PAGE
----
”We’re actually winning the fight against climate change, but most people don’t know it yet.”
That may seem a strange statement to make in a week when a landmark scientific report declares that humanity must quit fossil fuels within thirty years or risk catastrophic climate change. But Danny Kennedy, a former top Greenpeace activist who helps run the global solar company Sungevity, says that solar and wind power are growing so fast worldwide that they will displace fossil fuels much sooner than usually thought. He has lots of supporting data, much of which comes from the crazy tree-huggers at Bloomberg New Energy Finance, Deutsche Bank and the US Federal Energy Regulatory Commission.
Not that the fight is over. When the scientists of the Intergovernmental Panel on Climate Change released a summary of their Fifth Assessment Report on September 27, they effectively endorsed activist Bill McKibben’s argument that most of the earth’s remaining fossil fuels must stay in the ground. The IPCC calculated that, from this day forward, humanity can burn no more than one-half of 1 trillion metric tons of carbon if we are to have a better than 50-50 chance of limiting global temperature rise to 2 degrees Celsius above preindustrial levels. At current rates, this “carbon budget” will be used up by the early 2040s. The upshot: the great bulk of the 3 trillion tons of fossil fuels still underground must remain there.
Encouragingly, the Environmental Protection Agency recently proposed the first limits on how much carbon new power plants may emit. Those limits, to be implemented next year if the EPA stands up to coal industry resistance, will make it almost impossible for new plants to run on coal, the most carbon-intensive conventional fossil fuel. As a practical matter, new coal was already dead in the United States, thanks to the grassroots activism of the Sierra Club’s Beyond Coal campaign and a plunge in natural gas prices. The real test comes next year, when the EPA issues rules for existing power plants, the source of one-quarter of US greenhouse gas emissions.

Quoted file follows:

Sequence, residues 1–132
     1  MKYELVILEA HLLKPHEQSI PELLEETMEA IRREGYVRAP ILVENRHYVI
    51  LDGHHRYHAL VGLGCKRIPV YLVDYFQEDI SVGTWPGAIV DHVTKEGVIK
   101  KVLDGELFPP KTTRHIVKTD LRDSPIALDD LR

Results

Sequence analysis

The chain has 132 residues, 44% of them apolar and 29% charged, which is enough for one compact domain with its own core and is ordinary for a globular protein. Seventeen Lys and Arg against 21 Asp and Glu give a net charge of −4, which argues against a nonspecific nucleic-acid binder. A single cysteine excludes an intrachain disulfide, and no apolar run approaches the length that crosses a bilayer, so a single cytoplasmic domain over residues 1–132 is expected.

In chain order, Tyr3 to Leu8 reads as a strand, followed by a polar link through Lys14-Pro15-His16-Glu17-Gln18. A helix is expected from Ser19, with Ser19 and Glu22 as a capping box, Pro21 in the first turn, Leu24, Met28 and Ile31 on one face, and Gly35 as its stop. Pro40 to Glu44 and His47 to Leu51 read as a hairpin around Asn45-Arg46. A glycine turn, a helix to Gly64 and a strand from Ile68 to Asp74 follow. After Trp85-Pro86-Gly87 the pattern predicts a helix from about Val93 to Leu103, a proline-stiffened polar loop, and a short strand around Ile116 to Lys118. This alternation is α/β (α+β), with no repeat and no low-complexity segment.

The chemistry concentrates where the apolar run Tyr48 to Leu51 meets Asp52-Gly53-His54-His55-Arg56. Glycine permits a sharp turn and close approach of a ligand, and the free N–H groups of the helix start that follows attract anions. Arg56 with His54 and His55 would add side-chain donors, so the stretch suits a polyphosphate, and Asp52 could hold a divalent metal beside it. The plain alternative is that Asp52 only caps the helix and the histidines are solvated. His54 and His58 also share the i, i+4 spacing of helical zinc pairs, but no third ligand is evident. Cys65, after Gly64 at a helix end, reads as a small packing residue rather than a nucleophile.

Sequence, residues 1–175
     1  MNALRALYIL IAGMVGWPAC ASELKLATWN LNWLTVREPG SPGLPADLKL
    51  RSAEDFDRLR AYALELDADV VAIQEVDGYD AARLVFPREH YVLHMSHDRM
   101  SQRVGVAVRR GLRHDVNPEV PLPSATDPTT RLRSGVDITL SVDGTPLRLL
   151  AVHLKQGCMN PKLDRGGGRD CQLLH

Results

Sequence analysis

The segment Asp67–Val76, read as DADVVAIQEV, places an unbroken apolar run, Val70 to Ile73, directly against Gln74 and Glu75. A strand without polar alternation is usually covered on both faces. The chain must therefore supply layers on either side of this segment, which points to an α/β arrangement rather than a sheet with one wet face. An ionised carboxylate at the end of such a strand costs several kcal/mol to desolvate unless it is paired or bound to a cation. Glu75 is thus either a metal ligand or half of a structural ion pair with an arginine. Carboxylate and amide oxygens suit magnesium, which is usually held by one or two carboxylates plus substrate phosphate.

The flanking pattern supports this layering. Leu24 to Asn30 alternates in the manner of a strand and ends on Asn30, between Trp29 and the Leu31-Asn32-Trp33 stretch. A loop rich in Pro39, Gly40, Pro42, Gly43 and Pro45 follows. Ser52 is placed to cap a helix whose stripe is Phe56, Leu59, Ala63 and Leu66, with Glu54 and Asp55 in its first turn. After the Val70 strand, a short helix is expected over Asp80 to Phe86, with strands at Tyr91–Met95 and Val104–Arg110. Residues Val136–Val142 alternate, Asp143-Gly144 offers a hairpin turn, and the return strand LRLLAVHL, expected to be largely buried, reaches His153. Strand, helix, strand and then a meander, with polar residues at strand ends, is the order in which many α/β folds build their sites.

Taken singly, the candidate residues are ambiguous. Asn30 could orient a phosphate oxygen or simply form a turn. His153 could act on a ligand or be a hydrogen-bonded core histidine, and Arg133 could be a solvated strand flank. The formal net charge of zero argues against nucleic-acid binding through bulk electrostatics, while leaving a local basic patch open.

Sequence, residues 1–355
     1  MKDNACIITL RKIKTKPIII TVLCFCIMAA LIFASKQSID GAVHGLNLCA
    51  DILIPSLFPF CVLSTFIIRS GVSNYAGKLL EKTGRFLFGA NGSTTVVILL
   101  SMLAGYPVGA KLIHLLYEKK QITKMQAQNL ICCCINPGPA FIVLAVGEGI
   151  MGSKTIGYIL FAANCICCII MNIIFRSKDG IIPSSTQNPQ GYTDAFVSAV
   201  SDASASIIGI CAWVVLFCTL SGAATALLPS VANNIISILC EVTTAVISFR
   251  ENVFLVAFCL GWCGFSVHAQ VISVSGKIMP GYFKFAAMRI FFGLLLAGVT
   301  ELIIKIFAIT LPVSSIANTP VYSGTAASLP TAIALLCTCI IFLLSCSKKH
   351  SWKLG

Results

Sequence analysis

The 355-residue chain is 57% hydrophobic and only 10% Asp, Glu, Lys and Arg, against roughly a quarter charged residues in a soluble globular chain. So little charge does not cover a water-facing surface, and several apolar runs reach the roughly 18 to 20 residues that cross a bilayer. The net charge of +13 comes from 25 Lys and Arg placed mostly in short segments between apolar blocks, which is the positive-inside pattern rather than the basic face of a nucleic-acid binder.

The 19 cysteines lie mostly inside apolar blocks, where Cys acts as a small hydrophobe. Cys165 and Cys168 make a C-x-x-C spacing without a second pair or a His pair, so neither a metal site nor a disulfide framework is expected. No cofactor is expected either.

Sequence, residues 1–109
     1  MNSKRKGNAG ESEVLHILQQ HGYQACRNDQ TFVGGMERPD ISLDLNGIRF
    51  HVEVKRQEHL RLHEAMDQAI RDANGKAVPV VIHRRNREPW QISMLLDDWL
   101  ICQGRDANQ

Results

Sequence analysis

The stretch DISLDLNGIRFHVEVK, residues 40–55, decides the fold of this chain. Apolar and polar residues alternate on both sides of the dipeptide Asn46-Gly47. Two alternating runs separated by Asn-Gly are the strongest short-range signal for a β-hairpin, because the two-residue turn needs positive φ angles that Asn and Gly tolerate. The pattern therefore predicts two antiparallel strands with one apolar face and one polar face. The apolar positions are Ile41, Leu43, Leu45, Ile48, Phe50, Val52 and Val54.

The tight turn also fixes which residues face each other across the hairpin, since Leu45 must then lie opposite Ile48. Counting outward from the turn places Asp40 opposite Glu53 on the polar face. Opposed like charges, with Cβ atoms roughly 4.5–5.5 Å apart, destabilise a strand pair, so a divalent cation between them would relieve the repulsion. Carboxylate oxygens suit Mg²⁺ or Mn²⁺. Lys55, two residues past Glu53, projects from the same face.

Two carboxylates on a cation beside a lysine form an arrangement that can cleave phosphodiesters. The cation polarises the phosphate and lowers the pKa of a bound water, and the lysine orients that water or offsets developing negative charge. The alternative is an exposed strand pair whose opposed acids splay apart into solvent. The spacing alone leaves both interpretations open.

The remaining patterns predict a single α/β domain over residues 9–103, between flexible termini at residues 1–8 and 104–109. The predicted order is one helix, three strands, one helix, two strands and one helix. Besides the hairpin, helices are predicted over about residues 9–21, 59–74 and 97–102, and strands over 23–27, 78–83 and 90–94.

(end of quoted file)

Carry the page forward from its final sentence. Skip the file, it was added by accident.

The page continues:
Meanwhile, it’s renewables to the rescue. Kennedy argues that wind and especially solar are growing exponentially as millions around the world leave fossil fuels behind. In Germany, which has pledged to forsake fossil fuels and nuclear, “there are now thirty gigawatts of solar on rooftops—that’s the equivalent of thirty nuclear power plants,” he says. In China, renewables will make up more than half the power capacity added through 2030, when renewables’ capacity will equal coal’s, projects Bloomberg New Energy Finance. The solar growth rates in Kennedy’s homeland, Australia, are even steeper, rising from a mere 900 households in 2006 to 1 million today. “There is nothing else like these rates of adopting a new technology,” he says. “They’re faster than the adoption rates for cellphones.”